Using a linguist’s toolbox to learn the origin and mystery behind the word sneak
A Word, Please
I’ve never been very interested in etymology. I know that makes me a bad little language columnist. But the truth is, word histories all start to sound the same after a while. Such-and-such word came from this-other word in this-other language, which evolved from this-other word and its meaning changed subtly from this to that to some other thing over time. Same story, different details.
But while word origins don’t interest me much, a word with no known origin — now that’s interesting.
Lexicographers and linguists trace the histories of words by looking at written works going back decades, centuries or all the way back to the days of Chaucer. Doing so, they can determine when, where and how words have been used, as well as who was using them and how they’ve changed over time. So when you look up a word in a well-researched guide like Merriam-Webster’s Dictionary of English Usage, you’re never surprised to find lots of historical context for whichever word you’re looking up.
But it’s quite surprising to see something like this: “‘Sneak’ is a word of mysterious origin.”
No idea. No clue. We gave up trying to figure this one out.
Then the mystery deepens: “It first turns up in Shakespeare.”
In other words, language experts can’t find a single written reference before “Measure for Measure,” in which Shakespeare in 1605 wrote, “Sneak not away, sir; for the friar and you must have a word.”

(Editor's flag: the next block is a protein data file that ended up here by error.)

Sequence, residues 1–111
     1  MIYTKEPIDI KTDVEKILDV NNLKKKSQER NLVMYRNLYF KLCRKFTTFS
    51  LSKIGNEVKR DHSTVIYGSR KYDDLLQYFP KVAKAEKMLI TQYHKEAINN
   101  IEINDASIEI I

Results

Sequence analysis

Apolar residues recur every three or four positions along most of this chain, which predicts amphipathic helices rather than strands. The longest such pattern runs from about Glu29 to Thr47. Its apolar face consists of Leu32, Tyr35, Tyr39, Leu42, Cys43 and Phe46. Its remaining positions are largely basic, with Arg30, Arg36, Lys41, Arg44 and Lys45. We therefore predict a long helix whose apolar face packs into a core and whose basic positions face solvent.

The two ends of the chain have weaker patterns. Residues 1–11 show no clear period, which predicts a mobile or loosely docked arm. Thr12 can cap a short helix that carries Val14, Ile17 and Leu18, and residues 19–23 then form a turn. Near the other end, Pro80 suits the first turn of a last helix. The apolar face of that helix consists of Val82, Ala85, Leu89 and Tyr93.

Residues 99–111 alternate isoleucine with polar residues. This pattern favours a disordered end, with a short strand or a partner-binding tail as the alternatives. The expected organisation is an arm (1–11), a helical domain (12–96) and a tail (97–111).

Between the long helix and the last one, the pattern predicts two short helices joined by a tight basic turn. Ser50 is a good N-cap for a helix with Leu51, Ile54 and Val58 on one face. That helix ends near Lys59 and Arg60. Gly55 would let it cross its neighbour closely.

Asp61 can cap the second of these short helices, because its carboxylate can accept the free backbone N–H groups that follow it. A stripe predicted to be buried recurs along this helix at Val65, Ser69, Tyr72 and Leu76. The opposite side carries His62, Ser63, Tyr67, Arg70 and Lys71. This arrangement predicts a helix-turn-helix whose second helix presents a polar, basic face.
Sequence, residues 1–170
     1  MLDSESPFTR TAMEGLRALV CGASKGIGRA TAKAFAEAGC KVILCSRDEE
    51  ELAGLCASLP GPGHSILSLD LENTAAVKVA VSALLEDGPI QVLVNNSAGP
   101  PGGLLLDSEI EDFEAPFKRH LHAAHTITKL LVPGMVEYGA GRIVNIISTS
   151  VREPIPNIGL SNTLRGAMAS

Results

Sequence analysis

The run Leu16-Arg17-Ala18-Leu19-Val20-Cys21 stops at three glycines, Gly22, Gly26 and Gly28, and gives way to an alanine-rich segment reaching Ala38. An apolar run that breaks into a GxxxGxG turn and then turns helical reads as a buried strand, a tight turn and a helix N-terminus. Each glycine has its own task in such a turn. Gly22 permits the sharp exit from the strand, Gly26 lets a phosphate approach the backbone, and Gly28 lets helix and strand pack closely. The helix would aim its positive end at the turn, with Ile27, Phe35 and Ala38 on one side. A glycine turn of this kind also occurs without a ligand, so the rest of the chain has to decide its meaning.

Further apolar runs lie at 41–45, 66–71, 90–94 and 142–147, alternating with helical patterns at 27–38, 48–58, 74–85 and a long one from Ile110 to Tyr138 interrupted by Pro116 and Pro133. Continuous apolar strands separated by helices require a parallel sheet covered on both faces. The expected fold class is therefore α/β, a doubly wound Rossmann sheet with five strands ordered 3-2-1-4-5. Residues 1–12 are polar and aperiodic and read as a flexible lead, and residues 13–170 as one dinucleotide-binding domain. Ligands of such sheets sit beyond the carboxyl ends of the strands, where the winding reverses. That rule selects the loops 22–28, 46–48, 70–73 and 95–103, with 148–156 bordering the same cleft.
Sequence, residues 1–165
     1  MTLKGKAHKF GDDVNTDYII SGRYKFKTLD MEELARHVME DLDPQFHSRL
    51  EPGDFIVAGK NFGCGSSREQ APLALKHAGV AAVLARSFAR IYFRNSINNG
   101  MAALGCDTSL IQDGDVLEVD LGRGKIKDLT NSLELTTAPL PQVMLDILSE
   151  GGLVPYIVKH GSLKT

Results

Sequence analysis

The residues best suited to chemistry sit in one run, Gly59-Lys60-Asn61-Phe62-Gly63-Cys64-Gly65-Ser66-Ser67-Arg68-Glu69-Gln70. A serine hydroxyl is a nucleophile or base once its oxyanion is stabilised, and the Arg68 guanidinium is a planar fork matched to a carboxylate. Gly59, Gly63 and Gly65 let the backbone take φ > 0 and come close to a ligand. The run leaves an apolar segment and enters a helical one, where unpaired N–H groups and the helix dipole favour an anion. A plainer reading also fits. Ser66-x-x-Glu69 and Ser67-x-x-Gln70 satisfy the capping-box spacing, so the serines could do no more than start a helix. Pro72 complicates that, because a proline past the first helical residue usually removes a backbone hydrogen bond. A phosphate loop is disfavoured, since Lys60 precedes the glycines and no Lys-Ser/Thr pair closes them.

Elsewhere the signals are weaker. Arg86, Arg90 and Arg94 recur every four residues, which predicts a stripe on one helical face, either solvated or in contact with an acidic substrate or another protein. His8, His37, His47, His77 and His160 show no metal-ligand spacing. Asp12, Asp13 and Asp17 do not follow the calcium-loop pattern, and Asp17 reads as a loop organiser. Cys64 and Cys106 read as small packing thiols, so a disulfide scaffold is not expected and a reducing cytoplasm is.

Before then, people may have been saying it, but no one whose work would survive four centuries was writing it.
Published works aren’t the only tool in the linguist’s toolbox. Etymological researchers can often find a direct link between a word and a similar word in a different or precursor language, like saying the word “vocation” comes from the Middle English “vocacioun,” and before that the Anglo-French “vocaciun” all the way back to the Latin “vocare,” meaning to call, and itself rooted in the Latin “vox,” meaning voice.
Researchers tried that approach with “sneak.” They failed.
“It seems to have no sure antecedents. There is a possible source in Old English — a verb ‘snican,’ of similar meaning. But Old English strong verbs of the class that ‘snican’ belongs to came into modern English with ‘-ike’ (as ‘strike’ from ‘strican’), and there is no evidence extant in Middle English to connect ‘sneak’ with ‘snican.’ “
So we don’t know anything about the word going back more than 400 years, but there have been some interesting developments since. For example, until the late 1800s, there was no “snuck.” The past tense and past participle (the past participle is the one that pairs with “have”) were both “sneaked.” So you’d say, “Yesterday I sneaked. In the past I have sneaked.”
Then “snuck” started showing up, interestingly, as snark — by which I mean mockery. It was often used in dialogue to represent, as Merriam’s puts it, “the comical speech of a bumpkin.”
“It appears that the few authors who had heard ‘snuck’ considered it typical of the speech of rural and not overly educated Americans and they used it in generally humorous contexts,” the usage guide reports.
But by the 1950s, “snuck” was a respectable term, appearing in newspapers, books and academic writing without the slightest hint of ridicule.
“In about a century ‘snuck’ has gone from an obscure and probably dialectal variant of the past and past participle to a standard, widely used variant that is about as common as the older ‘sneaked.’ “ Though that’s just in North American English. British English hasn’t been so quick to embrace “snuck.”
On this side of the pond, “sneaked” and “snuck” are recognized as equally legit by multiple dictionaries as both the simple past tense (Yesterday I sneaked/snuck out) or the past participle (In the past, I have sneaked/snuck out). You can use whichever you prefer.
— June Casagrande is the author of “The Joy of Syntax: A Simple Guide to All the Grammar You Know You Should Know.” She can be reached at JuneTCN@aol.com.